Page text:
The thermal resistance of the thermal pad can be read from Table 1. The thermal resistance of the heatsink can be obtained from its manufacturer or calculated  The power dissipated internal to the hybrid can be assumed to be spread evenly across its baseplate, so the area in (3) would be the area of the DVFL baseplate, not the entire area of the heat spreader. If the heatsink is unusual or nonrectangular in shape, its thermal resistance can be approximated by breaking it up into rectangular blocks which are in series with respect to the heat flow. The thermal resistance of each block can be calculated individually and summed to obtain the total thermal resistance. 

“DEADBUG” STYLE MOUNTING
Figure 4 shows an example of “deadbug” style mounting for the DVTR hybrid in the flanged package. This is a common mounting configuration for severe vibration environments. Electrical connections to the pins can be made with discrete wires or a flexible or rigid printed circuit board.

 


Figure 4.   “Deadbug” Style Mounting for Downleaded Flanged Units.


Figure 5. “Deadbug” thermal model.


In this case, heat is transferred only through the mounting flanges. The maximum temperature is assumed to be in the center of the hybrid and there is an additional thermal resistance and temperature rise from the center to the mounting flange. For this configuration since power is dissipated across the surface of the baseplate, finite element methods were used to obtain an effective thermal resistance, R-deadbug, from the center of the package to the flange, as shown in Figure 6. This effective thermal resistance will give a valid hot spot case temperature when used in conjunction with the total power dissipation of the hybrid. This effective thermal resistance is given in Table 2 for various flanged packages.

“DEADBUG” STYLE MOUNTING WITH HEAT SPREADER
For applications with high power dissipation or high ambient temperature, the case temperature of the hybrid can be lowered by adding a heat spreader to the basic  “deadbug” mounting configuration, as shown in Figure 6. The heat spreader should have a thermal conductivity greater than that of the hybrid package (cold rolled steel, K = 1.318W/in-C). For example, for the DVTR package an aluminum bar 0.6” x 2.9” x 0.1” thick could be used. To be effective, the spreader must clear the electrical pins and maintain thermal contact along its entire length; a thermally conductive adhesive is recommended.


Figure 6.   Heat Spreader Attached to DVTR to Reduce Thermal Resistance. 

PCB MOUNTI

Lower power hybrids can often be mounted directly to the circuit board or PCB as shown in Figure 7. Good thermal  contact  should  be  maintained  between  the  hybrid  and  the  board.  An  adhesive  is  often  used. Mounting flanges or a mounting strap across the top of the hybrid can also help maintain good thermal contact. Typical  PCB materials  are  not  good  thermal  conductors.  Copper planes  are often employed to improve thermal conductivity along the length of the PCB. Likewise, thermal vias are used to improve thermal conductivity through the PCB, usually under the hybrid or at the board mounting locations.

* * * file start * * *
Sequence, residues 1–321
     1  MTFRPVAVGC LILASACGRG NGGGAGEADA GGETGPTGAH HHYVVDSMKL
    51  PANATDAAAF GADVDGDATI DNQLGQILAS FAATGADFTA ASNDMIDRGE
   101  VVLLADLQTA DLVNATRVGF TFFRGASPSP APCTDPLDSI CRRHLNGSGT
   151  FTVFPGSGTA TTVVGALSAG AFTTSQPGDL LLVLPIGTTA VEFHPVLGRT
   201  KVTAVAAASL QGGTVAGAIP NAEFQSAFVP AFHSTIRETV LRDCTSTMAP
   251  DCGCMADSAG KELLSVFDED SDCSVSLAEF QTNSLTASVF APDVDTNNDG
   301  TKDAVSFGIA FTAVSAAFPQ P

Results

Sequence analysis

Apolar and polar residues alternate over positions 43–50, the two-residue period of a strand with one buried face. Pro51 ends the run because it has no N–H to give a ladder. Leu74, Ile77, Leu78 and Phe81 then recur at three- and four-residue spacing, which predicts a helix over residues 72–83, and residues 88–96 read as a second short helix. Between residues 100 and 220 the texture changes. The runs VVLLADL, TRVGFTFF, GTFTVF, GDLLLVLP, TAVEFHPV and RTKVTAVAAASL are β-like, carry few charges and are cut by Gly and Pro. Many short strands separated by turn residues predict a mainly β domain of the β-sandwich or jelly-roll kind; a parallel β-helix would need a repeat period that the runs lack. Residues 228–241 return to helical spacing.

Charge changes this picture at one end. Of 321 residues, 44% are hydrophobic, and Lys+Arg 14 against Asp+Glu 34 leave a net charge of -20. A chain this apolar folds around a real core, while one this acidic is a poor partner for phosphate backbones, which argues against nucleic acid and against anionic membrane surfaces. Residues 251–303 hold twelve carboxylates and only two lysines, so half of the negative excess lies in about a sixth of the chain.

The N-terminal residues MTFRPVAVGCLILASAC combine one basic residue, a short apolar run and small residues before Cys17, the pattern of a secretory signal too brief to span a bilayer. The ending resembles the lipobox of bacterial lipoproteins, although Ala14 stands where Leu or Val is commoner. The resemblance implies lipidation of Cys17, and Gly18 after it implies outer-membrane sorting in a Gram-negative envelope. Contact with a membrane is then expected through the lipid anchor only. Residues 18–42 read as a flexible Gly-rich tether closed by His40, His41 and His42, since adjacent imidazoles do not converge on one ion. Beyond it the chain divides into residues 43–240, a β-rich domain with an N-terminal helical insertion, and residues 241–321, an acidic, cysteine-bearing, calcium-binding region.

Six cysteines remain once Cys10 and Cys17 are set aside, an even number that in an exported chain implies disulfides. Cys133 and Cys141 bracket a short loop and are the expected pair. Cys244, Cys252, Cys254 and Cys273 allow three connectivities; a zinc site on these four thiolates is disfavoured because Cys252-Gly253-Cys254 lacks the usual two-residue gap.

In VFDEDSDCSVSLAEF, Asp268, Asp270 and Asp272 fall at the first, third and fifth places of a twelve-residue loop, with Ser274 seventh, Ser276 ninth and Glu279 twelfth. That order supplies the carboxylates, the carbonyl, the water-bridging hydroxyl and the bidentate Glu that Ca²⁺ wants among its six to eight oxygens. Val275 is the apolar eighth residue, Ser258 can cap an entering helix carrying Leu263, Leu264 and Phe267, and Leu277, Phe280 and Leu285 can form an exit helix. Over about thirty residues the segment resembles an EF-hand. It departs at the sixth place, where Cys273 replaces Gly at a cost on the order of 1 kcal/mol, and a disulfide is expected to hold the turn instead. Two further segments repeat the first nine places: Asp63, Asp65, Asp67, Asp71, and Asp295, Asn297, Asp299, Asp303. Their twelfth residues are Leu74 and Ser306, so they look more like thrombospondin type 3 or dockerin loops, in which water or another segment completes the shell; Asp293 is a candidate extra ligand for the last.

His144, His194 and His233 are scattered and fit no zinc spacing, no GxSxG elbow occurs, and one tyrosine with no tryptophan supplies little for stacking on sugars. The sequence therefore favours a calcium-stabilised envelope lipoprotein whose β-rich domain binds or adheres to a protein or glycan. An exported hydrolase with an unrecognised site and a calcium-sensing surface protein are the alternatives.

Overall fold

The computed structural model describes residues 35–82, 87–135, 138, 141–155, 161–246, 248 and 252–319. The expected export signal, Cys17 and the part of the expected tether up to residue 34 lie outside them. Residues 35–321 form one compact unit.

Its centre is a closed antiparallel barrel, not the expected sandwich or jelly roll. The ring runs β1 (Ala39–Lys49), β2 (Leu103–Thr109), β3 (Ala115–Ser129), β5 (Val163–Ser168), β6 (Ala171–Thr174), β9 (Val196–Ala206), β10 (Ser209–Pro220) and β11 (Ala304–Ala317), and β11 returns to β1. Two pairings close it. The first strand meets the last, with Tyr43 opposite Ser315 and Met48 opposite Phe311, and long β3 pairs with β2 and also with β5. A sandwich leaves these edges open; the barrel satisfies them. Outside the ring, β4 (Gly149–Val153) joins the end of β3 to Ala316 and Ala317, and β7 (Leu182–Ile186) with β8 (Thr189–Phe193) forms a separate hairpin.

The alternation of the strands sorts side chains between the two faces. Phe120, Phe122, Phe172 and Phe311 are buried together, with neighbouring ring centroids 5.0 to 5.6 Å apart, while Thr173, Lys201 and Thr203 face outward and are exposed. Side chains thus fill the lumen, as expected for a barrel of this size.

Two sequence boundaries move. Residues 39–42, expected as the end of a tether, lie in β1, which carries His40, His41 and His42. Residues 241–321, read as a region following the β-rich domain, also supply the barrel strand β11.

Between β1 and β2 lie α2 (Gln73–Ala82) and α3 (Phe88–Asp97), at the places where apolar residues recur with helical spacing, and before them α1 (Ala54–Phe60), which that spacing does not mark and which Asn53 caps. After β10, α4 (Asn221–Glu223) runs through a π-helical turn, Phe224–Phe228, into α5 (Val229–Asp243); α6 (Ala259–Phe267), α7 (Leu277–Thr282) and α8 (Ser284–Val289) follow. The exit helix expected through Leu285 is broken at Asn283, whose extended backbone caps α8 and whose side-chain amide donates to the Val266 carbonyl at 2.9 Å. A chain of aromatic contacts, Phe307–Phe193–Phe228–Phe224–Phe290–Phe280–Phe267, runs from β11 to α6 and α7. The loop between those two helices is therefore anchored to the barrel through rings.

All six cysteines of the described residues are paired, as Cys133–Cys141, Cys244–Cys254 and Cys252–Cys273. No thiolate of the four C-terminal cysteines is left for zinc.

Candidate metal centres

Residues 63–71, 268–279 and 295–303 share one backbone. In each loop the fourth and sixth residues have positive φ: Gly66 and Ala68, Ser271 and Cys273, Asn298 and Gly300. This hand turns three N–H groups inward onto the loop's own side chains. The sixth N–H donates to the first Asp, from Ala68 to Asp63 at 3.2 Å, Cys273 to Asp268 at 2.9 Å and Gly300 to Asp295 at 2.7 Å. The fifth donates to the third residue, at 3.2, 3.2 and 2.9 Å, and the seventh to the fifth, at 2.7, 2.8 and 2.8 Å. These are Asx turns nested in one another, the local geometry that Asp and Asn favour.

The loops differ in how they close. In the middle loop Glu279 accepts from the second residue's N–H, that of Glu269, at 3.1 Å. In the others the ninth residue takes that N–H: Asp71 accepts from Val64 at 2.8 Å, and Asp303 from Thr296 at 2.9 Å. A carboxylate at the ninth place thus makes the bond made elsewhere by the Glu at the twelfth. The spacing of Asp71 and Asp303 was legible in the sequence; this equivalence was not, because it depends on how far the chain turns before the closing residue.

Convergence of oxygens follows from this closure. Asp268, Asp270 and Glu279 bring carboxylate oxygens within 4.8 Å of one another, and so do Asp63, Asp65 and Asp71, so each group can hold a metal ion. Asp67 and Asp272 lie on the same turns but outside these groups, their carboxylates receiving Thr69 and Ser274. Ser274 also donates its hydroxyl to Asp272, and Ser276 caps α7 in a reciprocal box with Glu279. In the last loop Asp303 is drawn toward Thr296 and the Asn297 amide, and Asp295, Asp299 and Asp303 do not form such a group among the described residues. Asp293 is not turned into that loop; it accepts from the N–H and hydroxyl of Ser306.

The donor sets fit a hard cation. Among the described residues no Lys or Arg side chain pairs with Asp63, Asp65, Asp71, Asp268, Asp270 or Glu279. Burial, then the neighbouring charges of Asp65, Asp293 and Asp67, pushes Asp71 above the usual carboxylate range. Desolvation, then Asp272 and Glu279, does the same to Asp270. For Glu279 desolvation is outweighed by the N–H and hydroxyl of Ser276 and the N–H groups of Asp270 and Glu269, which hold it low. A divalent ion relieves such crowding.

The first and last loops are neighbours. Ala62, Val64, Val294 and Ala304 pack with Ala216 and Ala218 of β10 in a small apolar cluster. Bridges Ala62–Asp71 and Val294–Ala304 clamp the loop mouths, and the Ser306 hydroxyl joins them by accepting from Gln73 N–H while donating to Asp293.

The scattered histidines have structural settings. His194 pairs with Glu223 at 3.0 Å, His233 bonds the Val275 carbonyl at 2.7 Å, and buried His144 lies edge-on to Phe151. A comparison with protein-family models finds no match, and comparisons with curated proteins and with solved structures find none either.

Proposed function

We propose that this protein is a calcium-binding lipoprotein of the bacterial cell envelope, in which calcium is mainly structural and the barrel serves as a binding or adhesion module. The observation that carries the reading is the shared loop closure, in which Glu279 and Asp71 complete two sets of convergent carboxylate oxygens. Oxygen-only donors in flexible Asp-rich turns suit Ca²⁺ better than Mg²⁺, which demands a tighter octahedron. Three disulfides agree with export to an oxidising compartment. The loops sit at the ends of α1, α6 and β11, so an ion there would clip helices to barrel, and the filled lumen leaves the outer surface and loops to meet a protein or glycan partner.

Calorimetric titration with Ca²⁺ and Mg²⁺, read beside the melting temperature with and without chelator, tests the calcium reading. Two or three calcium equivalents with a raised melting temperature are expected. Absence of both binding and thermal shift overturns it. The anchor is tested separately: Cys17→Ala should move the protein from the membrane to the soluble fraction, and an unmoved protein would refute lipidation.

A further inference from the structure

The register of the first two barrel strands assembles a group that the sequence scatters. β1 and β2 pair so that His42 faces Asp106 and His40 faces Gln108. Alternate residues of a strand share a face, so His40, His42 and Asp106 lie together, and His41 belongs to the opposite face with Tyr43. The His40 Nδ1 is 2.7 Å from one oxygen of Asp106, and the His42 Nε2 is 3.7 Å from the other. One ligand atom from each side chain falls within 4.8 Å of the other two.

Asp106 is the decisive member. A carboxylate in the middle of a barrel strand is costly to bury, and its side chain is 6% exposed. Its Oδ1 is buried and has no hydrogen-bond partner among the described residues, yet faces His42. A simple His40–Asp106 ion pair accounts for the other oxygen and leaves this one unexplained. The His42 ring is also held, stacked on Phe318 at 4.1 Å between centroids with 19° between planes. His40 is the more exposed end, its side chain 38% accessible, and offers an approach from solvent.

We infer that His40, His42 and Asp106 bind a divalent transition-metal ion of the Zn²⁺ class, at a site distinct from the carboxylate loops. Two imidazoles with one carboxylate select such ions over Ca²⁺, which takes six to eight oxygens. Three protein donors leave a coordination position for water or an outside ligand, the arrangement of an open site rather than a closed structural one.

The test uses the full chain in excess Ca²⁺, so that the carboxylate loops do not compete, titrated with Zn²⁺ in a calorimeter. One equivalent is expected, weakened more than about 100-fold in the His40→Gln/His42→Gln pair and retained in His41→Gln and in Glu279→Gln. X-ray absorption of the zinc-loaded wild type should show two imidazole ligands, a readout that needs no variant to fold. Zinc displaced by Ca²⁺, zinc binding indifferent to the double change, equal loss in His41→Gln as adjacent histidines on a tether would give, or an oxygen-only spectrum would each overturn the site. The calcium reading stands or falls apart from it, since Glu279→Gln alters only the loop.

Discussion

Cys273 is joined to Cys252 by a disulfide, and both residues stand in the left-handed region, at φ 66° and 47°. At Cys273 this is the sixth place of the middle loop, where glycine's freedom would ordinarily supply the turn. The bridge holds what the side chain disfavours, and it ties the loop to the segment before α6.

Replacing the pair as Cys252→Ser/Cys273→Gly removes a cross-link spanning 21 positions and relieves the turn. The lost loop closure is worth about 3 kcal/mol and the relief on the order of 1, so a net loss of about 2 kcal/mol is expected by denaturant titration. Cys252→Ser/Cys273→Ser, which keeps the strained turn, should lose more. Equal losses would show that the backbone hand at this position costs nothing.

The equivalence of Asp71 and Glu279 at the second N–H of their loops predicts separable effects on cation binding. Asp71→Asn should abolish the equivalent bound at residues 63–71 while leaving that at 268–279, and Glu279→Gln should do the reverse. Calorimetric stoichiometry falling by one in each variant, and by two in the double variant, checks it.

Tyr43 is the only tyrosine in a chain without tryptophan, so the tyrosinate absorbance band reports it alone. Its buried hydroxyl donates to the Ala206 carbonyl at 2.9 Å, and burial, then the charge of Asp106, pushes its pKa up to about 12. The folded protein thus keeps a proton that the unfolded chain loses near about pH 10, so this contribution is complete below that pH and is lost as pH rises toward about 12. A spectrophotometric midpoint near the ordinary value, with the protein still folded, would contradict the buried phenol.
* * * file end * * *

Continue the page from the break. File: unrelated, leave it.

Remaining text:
Figure 7.   DVSA Mounted to a Circuit Board.


PCB MOUNTING WITH HEAT SPREADER
When the PCB alone is not sufficient to carry heat away from the hybrid, a heat spreader can be added to the assembly as shown in Figure 8. In this case, the thermal path through the PCB can usually be ignored and the case temperature of the hybrid can be calculated directly from (9). Additionally, intentionally isolating the  thermal  spreader  and  hybrid  from  the  PCB  can  serve  to  lower  the  temperature  of  the  PCB  and surrounding components.


Figure 8.   Converter/Heat Spreader/PCB Assembly.
Another option is to cut a hole in the PCB, and allow a heat spreader to protrude up and make contact with the heat spreader. The mechanical mounting should again be sufficient to ensure good thermal contact between the baseplate and the heat spreader
CONCLUSION
Proper system thermal design is necessary to allow hybrid DC-DC converters to operate reliably over the full military temperature range. To ensure maximum ratings are not exceeded, it must be recognized that the hybrid operating temperature will be greater than the ambient or heatsink temperature. The hybrid operating temperature is specified at the bottom center of the baseplate. It can be determined either by analysis or measurement.  Knowing  the  actual  temperature  will  allow  accurate  reliability  calculations  and  proper tradeoffs between design complexity and reliability.